The McLean Hatch come both green legged and yellow legged, single comb and pea-comb. The hens are wheaton or "dirty" partridge, and the cocks red.

    They vary in shades from dark mahogany to light reds with white under hackles and white in wings and tail. The latter are usually single comb yellow legged, reverting back to the Kearny Whitehackles. Most of the cocks' breasts are flecked with brown and quite a few come with lemon hackles at the shoulders.

    The Blueface Hatch are all green legged with single or pea-combs. Hens are dark wheaton or partridge and cocks run more to the mahogany red. Most have brown feathers in the breast but few come lemon hackled.

  26. #26
    gerry buron
    Guest

    Sweater Mcginnis

    For you folks who never knew Sweater Mcginnis, a brief background sketch might be of interest.

    He was born southwest of Oklahoma City near Chickasha about 1905. For much of his early life, he stayed with his uncle, Dave Lane, a druggist in Oklahoma City.

    Dave Lane was one of the best of the old time chicken fighters. In the early 1920's while Sweater was still a teenager, he handled a main of cocks from Frank Perry and Sap Barrett against the legendary Henry Wortham - and won with his last four cocks to win the main. This was at the old Shell Creek Pit near Sand Springs, Oklahoma.

    Sweater was a professional cocker in every sense of the word. Except for a short hitch in the military service in World War II, he spent his lifetime working with game fowl.

    He was in great demand as a feeder and handler, and he spent considerable time with John Madigin, Walter Kelso, Jack Walton, etc.

    With his conditioning method, he could build stronger thighs on a cock than any other feeder - they would be as hard and big around as the average man's wrist. They were so strong that his cocks frequently broke their own legs.

    As a handler, Sweater never missed a trick, legal or otherwise. It is fitting that he died in the pit with a gamecock in his arm - at the Boxwood Pit in Virginia on 19 December 1959.

    Sweater had hundreds of chickens raised for him each year but until he moved to North Carolina in 1954 to work for Percy Flowers at Pineville Farms, none of them were specifically called the Blueface family.

    That is, no particular combination of bloodlines could be pointed out as Blueface to the exclusion of all others. They were all simply referred to as McGinnis Reds or Greys, depending on the color.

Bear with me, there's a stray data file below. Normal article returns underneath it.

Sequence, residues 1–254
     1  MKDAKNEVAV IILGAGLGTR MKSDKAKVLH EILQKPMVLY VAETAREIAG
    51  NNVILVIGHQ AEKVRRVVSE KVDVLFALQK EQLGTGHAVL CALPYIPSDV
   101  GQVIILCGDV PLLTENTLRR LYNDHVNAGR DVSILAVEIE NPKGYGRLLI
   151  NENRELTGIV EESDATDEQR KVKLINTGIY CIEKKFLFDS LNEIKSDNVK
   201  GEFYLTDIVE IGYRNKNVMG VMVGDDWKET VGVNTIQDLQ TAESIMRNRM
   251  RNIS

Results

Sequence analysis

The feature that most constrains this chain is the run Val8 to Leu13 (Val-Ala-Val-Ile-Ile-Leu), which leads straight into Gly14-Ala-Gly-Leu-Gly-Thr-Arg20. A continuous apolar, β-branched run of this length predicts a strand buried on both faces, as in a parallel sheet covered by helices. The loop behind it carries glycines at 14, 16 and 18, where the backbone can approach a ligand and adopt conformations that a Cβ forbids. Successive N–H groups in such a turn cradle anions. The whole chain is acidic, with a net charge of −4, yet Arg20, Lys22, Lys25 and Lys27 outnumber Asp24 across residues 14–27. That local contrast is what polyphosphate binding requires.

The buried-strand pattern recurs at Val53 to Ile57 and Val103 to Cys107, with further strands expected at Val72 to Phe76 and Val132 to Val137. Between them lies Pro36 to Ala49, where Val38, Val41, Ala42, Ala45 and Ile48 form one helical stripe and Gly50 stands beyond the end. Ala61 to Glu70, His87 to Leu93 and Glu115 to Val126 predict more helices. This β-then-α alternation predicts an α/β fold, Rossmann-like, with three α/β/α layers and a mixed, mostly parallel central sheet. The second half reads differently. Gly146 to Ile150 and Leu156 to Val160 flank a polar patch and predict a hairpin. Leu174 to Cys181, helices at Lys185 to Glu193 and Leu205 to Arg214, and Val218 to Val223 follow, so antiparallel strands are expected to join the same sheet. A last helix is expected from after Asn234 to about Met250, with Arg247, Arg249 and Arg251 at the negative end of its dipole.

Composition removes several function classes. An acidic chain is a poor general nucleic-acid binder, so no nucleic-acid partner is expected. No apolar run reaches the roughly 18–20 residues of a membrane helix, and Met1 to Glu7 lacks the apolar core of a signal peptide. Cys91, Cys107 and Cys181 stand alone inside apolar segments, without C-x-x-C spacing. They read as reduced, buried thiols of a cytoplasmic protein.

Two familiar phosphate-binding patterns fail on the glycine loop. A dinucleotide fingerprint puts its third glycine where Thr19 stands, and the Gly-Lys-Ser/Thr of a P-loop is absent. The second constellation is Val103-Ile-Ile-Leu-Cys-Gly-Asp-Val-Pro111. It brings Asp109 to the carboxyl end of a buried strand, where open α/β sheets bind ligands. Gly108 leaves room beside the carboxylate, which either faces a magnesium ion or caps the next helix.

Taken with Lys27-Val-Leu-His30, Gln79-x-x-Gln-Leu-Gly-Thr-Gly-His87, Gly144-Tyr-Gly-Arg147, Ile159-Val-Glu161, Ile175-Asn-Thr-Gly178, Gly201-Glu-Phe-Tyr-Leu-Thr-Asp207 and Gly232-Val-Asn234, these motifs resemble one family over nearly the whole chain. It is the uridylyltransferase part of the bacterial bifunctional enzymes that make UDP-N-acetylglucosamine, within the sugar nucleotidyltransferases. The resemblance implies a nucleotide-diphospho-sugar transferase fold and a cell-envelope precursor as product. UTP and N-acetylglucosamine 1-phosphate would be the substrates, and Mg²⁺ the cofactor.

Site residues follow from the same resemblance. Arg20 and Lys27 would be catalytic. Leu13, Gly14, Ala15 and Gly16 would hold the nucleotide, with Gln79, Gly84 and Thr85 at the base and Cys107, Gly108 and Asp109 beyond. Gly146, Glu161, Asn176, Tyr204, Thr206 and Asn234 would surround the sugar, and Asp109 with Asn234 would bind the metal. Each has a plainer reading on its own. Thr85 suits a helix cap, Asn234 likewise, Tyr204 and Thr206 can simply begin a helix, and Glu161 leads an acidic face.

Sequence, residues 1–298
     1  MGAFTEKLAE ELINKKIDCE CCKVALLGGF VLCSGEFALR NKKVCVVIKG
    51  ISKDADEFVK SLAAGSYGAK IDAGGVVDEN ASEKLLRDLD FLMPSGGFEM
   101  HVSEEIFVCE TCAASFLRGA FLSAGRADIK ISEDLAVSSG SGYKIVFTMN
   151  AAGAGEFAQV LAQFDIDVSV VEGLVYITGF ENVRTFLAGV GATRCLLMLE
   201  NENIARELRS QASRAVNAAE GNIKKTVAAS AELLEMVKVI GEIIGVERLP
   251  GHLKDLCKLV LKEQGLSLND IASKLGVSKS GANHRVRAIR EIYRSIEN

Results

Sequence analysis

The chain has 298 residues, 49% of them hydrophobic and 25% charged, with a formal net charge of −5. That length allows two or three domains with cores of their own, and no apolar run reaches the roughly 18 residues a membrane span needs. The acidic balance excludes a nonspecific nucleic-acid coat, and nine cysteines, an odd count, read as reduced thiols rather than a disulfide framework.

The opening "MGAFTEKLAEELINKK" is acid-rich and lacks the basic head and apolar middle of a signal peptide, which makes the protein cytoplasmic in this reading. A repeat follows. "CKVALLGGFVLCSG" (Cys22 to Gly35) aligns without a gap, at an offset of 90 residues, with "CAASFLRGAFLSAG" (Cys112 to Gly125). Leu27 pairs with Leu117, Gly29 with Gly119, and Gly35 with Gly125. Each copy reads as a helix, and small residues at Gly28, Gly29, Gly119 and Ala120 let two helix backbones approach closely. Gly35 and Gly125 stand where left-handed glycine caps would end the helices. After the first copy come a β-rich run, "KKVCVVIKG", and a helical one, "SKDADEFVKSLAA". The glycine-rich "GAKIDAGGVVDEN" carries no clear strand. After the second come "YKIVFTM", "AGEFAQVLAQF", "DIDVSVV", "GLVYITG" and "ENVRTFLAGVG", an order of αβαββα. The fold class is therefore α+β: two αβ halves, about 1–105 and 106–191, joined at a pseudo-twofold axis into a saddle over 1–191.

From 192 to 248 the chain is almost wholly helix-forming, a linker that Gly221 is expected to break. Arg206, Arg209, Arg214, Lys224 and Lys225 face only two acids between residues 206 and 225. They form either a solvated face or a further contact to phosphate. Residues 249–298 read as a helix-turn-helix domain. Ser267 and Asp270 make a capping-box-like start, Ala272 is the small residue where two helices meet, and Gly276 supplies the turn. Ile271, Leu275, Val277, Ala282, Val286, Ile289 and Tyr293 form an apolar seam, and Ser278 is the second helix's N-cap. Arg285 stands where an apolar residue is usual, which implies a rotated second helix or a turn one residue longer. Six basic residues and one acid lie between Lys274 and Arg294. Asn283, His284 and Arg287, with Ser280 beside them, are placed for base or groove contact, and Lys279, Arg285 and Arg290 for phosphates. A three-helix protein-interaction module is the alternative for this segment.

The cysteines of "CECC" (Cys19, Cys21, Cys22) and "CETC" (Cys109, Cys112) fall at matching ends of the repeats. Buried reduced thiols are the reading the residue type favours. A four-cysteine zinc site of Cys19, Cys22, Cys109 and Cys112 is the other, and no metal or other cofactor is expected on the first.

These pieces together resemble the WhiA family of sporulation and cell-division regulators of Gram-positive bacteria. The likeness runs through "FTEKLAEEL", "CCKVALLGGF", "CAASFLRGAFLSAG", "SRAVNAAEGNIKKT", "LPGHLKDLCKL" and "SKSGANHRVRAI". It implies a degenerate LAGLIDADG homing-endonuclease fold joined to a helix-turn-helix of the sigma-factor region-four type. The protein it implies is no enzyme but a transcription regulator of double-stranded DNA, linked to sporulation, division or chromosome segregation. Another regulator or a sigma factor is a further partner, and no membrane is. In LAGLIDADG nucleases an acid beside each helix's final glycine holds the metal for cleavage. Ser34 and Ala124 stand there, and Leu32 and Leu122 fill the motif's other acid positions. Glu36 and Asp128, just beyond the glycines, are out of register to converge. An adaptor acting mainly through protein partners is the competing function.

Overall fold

Sweater never advertised his fowl, didn't like to sell them and almost never did, but he gave most of them away.

    His usual breeding method was to place a cock and six hens on a farm walk where they could reproduce freely. In the fall, Sweater would pick up what stags he wanted and tell the farmer to eat the rest of them.

    Thus, a great deal of Sweater's stock was available to anyone who knew where he walked his fowl. Many so-called Blueface families today are based on fowl obtained from these farm walks and contain not a touch of the McLean hatch usually associated with the name Blueface.

    The bloodlines that Sweater used in various combinations and which appear in some of the modern Blueface lines include the Madigin Texas Rangers, which are primarily the old Joe Wingate Brown Reds crossed with Madigins Grey & Claret.

    When Sweater was in charge of Madigin's brood yards in Houston in the late 1930's, a great many of the cocks and hens were carrying a fourth or more of this Texas Ranger breeding.

    When Madigin died in 1942, Kelso and Japhet inherited his fowl which were all shipped to Kelso's place in Galveston. Sweater set up the various brood yards and Kelso and Japhet alternated in choosing which ones they wanted. But Kelso didn't like the Clarets not to mention the Rangers - so Sweater took what he wanted of those.

    Sometime later, Sweater decided he needed more speed in his fowl and someone sold him a family of Three Spurs from Washington State. These cocks had a normal spur plus a rudimentary spur above and below it. At least one modern family of Blueface show this trait and some of the cocks cannot be heeled properly until these small spurs are clipped off. The black Sumatra Jungle Fowl and their descendants have this odd spur formation.

    Sweater fought a lot of the Sam Bingham fowl - a Marsh Butcher/Claret cross. This is one of the sources for the rare white leg that shows up in some Blueface.